I've seen people on the internet claim that you shouldn't tilt back your head during nosebleeds, because blood could get into your lungs or stomach. When I asked people I know what they do during nosebleeds and what they know, most of them tilt their heads back and put cotton tampons or handkerchiefs in the nostrils. None of them have suffered any trauma caused by swallowing blood, and as far as I know, it's rare for seriously bad effects to occur like this.

There is an infamous photo of a very large branching blood clot (http://www.snopes.com/photos/medical/bloodclot.asp) which is used to scare kids about nosebleeds, but it seems to be an exceptionally rare occurrence. At least that's so uncommon that I've only seen that in this one picture.

One common thought that goes through minds of people I've talked to seems to be "Blood loss is a thing, and I'm losing blood, so I better swallow it back into myself".

I'd like to ask the more knowledgeable folk on this site: Is swallowing own blood from nosebleeds harmful, neutral or beneficial?

I've found a question on SE about consuming blood in general, and the recommendation is against that, but in that case it's extra blood that wasn't in your own body's circulation. So this is a different question, just in case.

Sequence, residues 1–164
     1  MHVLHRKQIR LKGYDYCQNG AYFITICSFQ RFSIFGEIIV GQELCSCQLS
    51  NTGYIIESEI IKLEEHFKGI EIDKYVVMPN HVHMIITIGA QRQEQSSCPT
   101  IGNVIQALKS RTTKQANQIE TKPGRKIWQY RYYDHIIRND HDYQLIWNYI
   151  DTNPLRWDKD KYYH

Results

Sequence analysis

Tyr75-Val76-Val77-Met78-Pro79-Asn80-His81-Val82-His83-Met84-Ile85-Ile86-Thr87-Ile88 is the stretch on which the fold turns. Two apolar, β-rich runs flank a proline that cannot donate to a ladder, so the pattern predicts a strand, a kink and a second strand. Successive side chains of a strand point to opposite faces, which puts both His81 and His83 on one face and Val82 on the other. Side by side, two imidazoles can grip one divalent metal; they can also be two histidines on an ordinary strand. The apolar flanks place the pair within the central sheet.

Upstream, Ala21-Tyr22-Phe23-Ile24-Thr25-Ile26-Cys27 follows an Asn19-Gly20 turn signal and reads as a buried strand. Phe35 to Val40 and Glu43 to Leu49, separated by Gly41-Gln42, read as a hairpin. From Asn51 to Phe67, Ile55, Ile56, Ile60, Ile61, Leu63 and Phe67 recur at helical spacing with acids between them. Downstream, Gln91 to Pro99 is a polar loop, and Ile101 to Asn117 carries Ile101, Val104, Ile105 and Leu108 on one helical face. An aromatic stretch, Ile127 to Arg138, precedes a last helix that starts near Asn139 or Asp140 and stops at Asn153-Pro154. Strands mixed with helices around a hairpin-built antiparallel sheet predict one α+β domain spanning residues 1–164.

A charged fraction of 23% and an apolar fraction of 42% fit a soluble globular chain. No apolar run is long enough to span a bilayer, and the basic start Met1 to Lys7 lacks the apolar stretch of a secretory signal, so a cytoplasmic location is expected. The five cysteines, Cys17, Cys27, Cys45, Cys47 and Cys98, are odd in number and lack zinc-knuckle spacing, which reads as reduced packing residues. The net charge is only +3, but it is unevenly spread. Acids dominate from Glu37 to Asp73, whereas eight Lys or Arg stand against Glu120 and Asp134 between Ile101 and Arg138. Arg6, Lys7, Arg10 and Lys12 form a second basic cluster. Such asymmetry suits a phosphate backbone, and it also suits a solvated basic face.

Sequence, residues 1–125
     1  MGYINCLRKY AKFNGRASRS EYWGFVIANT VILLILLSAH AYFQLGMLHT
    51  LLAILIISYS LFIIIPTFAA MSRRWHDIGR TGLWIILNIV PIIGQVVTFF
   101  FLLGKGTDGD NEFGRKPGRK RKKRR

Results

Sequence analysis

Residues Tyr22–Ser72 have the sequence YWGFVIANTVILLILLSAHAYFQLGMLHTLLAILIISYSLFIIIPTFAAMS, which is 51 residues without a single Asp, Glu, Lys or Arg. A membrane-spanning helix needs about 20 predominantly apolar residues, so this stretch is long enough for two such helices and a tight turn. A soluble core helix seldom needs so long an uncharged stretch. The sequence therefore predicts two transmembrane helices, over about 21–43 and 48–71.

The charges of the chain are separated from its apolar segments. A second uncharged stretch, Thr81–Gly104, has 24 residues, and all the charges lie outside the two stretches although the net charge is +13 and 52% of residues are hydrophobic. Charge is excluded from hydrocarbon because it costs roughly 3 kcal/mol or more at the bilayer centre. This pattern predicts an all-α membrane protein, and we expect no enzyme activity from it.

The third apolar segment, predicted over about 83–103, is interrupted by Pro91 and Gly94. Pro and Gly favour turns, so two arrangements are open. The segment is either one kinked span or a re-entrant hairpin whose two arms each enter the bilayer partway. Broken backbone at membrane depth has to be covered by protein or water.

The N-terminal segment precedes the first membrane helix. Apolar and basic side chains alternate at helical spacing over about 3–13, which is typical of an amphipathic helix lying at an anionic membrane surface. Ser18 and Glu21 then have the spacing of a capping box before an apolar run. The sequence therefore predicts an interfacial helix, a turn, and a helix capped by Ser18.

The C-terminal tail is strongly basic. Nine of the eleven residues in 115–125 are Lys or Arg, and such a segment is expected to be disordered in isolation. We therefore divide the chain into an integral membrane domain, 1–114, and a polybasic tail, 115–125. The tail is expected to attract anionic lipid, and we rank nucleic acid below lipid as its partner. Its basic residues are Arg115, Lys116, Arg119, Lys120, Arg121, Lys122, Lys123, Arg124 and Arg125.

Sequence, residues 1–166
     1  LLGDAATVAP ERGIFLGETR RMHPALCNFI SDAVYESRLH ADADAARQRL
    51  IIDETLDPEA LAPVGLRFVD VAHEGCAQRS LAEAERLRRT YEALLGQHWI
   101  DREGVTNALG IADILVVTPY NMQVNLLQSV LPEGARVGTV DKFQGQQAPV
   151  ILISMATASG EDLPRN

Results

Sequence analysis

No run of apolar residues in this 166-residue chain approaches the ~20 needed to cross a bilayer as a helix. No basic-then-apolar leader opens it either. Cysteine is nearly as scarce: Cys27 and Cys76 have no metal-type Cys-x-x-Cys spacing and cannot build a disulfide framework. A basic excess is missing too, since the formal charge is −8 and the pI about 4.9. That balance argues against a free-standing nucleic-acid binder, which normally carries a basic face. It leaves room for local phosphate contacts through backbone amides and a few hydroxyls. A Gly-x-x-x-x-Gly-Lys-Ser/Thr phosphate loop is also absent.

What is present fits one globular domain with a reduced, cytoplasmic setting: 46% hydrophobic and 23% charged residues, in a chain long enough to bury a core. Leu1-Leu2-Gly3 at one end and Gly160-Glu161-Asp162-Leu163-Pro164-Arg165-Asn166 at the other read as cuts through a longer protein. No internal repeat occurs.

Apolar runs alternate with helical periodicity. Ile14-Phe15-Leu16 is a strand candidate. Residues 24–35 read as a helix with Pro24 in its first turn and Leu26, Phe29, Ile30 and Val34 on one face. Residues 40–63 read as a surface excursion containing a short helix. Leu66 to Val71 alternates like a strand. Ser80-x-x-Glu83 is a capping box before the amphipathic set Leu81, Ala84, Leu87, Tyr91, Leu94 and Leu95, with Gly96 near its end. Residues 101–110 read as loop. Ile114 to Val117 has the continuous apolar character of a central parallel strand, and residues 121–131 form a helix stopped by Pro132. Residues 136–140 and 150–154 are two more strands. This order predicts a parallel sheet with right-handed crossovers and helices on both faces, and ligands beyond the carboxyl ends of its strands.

• reposted here from Biology per high rep user's recommendation Commented Oct 9, 2017 at 12:10

1 Answer 1


Blood irritates the stomach and in sufficient quantity will cause nausea and vomiting, so that would make it harmful.


Do not tilt your head back. This may cause blood to run down the back of your throat, and you may swallow it. Swallowed blood can irritate your stomach and cause vomiting. And vomiting may make the bleeding worse or cause it to start again. Spit out any blood that gathers in your mouth and throat rather than swallowing it.

The story behind the photo you posted may or may not be accurate, but clearly the patient in question was not well. Blood running down the trachea of a healthy, alert person would trigger an immediate cough reflex.

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